Hilliard Northwest News

Possible June 10 council vote

Hilliard residents ask city to rethink Landmark Lofts

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Residents opposing the construction of Landmark Lofts, a mixed-use residential and commercial development at Cemetery Road and Franklin Street, took their arguments to Hilliard City Council on May 13.

They spoke in opposition to the proposed development during a public hearing for an ordinance that would rezone the 5.8-acre parcel to planned-unit development. The ordinance is scheduled for a third and final reading June 10.

The developers have yet to present a final development plan to the Hilliard Planning and Zoning Commission for consideration. The plan is expected to be presented in July, though the rezoning application process has revealed the buildings proposed for the site.

Landmark Lofts, named for the Landmark Grain Co. that once operated at the site, would have 17,000 square feet of commercial space, a 7,000-square-foot community center and 181 apartments.

Two four-story buildings would front Cemetery Road. The first floors would be commercial, with apartments on the other floors.

Two other four-story buildings at the back of the parcel would be apartment buildings. The inoperable grain elevator on the site would be converted into a community center with a halo-lit sign on top bearing the name, Landmark Lofts.

During public comments, Dan Bloch of Norwich Street criticized the term mixed-use to describe the development because, he said, it is mostly residential.

"It's a 7-percent sheep in wolf's clothing," Bloch said, referring to the estimated 7 percent composition of commercial components compared with the residential parts.

Bloch appealed to City Council members not to allow the desire to clean up the parcel to "cloud (their) judgment."

Walter Downey of Quarry Stone Drive, called the proposal an "unwise decision" that would not provide the city with long-term financial support.

Downey suggested the city instead focus on Britton Parkway and Anson Drive.

Kim Buoni of Norwich Street cautioned City Council members to learn from past mistakes and remember instances where what appeared to be a good idea proved not to be.

Concrete, landscaped islands in the center of Davidson Road were thought to be a good idea, but ultimately removed, Buoni said.

"Four-story buildings won't be so easily corrected," Buoni said.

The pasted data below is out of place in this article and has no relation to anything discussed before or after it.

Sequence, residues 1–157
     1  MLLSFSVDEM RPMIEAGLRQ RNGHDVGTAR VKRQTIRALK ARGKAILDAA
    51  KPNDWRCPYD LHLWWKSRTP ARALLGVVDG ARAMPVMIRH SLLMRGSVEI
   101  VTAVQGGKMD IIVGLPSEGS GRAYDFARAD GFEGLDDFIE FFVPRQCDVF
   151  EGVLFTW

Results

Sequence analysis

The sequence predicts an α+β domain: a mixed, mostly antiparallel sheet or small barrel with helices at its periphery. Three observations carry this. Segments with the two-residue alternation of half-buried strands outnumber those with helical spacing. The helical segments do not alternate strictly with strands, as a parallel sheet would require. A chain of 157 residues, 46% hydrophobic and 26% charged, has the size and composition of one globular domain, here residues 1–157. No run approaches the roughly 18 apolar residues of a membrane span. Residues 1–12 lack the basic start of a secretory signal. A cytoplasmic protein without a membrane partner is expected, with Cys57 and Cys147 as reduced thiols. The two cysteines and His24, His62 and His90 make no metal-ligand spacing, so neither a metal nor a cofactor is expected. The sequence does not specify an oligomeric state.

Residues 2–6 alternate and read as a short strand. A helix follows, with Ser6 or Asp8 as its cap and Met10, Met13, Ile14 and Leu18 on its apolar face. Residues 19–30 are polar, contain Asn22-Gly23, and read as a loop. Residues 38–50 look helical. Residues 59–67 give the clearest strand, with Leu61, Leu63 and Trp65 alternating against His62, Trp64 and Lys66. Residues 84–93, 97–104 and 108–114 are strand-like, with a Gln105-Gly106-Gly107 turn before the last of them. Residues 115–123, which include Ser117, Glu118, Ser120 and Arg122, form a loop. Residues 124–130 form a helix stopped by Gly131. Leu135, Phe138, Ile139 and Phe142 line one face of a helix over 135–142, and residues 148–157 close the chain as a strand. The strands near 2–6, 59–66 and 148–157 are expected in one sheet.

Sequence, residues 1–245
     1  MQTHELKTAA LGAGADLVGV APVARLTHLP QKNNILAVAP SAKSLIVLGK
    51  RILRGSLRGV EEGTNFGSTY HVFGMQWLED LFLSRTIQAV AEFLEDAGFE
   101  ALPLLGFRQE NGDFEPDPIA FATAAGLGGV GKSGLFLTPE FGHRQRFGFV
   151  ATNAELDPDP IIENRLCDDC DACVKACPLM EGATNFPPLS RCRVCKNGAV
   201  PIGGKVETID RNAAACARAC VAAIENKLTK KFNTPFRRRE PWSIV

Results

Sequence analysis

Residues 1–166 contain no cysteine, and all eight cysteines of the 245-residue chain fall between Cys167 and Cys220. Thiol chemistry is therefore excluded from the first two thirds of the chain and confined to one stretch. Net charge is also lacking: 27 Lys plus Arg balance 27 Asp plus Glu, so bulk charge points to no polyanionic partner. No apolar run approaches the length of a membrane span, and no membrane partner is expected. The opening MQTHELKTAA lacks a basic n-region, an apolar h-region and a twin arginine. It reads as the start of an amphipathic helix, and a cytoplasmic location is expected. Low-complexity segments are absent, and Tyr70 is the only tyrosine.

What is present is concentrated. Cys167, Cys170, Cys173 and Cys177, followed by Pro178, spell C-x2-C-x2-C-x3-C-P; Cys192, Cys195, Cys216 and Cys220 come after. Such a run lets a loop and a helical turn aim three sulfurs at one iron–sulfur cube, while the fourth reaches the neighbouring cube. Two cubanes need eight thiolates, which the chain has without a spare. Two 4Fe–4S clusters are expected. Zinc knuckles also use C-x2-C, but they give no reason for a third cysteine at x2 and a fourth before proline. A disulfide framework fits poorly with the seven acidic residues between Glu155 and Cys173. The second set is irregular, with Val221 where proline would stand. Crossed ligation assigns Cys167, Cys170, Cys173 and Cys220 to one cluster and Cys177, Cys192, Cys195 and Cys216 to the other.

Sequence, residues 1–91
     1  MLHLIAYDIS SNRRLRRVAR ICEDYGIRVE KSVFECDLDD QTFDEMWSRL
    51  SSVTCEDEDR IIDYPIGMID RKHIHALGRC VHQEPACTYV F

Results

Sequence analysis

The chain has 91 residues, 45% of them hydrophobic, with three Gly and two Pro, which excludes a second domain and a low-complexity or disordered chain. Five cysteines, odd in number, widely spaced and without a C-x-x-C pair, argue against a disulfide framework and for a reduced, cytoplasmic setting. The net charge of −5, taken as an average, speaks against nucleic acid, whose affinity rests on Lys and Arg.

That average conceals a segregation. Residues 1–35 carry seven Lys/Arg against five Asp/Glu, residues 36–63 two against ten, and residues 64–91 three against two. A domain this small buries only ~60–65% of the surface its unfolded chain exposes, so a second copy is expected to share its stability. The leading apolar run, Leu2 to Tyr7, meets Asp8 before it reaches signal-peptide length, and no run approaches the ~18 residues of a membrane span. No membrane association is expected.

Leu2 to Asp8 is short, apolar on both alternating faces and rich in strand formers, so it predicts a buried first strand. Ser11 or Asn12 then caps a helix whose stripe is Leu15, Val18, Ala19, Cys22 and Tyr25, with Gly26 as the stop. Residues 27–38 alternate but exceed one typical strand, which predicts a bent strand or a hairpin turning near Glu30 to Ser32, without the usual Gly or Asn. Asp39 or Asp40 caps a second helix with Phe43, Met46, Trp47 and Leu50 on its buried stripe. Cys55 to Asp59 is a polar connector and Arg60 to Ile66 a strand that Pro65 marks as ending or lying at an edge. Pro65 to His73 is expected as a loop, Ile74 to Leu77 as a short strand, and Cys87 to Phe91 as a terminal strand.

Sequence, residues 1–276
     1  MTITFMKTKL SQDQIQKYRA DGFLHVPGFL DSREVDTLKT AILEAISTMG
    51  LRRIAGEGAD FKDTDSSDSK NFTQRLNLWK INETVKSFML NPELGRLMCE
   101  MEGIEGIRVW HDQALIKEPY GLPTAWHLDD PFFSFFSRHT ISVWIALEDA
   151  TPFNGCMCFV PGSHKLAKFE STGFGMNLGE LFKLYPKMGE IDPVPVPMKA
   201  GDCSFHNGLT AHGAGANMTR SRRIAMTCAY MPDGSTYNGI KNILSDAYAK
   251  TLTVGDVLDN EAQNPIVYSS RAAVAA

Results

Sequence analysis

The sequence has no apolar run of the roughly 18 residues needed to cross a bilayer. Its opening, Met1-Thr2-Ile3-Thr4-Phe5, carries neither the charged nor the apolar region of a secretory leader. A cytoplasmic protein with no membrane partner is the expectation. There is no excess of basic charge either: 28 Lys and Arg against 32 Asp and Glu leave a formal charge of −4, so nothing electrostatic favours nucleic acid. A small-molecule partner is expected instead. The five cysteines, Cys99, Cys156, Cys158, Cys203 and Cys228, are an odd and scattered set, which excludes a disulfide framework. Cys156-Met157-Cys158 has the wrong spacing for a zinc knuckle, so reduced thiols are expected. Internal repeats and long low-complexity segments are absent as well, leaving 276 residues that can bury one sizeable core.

City Planner John Talentino and Glen Dugger, an attorney representing the developer, Buckeye KRG, outlined the proposal and appealed for its support before residents spoke in opposition.

Talentino said the residential density is "artificially high" because the developer acquiesced to build one- and two-bedroom apartments to minimize the effect on the school district.

"We think this (the development) is great, all things considered," Talentino said.

City officials, particularly members of the administration, have voiced support for the development because it is designed to attract young tenants most likely to frequent the Old Hilliard district, and the development promotes alternative transportation, namely pedestrians and bicycles, to and from Old Hilliard.

"You have a proposal before you that matches your goals," Dugger said.

City Council Vice President Kelly McGivern inquired about the fate of existing businesses at the site during the construction period, specifically the Starliner Diner, which McGivern referred to as "an institution."

Dugger told McGivern he was aware there had been conversations between the Starliner Diner and John Royer, a partner with Buckeye KRG, but was not aware of any agreements.

"We have kept (business owners) informed as best we can about the timeframe (of the development process)," Dugger said.

Before accepting public comments, Councilman Al Iosue announced the City Council clerk had received 21 letters or emails concerning the development that were entered into the record, and that the Hilliard Area Chamber of Commerce had issued a letter of support.

While seeming to generally support the proposal, City Council members did indicate a concern about the lack of a buffering plan to screen the development from the backyards of some Norwich Street residences.

Even though the rail lines have been removed, the Norfolk Southern railroad still owns the right of way between the site and the lots on Norwich Street, requiring an easement from the railroad.

McGivern asked for a letter of agreement from the railroad concerning the placement of landscaping on its right of way in advance of the third reading of the legislation June 10.

"It would comfort (City) Council to have that letter," Iosue said.

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